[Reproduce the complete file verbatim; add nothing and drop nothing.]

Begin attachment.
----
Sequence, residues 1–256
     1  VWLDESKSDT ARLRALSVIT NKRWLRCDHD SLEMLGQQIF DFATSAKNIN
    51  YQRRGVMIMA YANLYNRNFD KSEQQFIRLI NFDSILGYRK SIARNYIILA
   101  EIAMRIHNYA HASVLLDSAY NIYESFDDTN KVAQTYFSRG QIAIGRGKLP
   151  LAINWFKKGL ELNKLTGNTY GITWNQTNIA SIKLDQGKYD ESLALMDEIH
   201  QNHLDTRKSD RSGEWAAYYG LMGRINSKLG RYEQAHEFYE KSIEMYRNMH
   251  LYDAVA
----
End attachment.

Sequence, residues 1–256
     1  VWLDESKSDT ARLRALSVIT NKRWLRCDHD SLEMLGQQIF DFATSAKNIN
    51  YQRRGVMIMA YANLYNRNFD KSEQQFIRLI NFDSILGYRK SIARNYIILA
   101  EIAMRIHNYA HASVLLDSAY NIYESFDDTN KVAQTYFSRG QIAIGRGKLP
   151  LAINWFKKGL ELNKLTGNTY GITWNQTNIA SIKLDQGKYD ESLALMDEIH
   201  QNHLDTRKSD RSGEWAAYYG LMGRINSKLG RYEQAHEFYE KSIEMYRNMH
   251  LYDAVA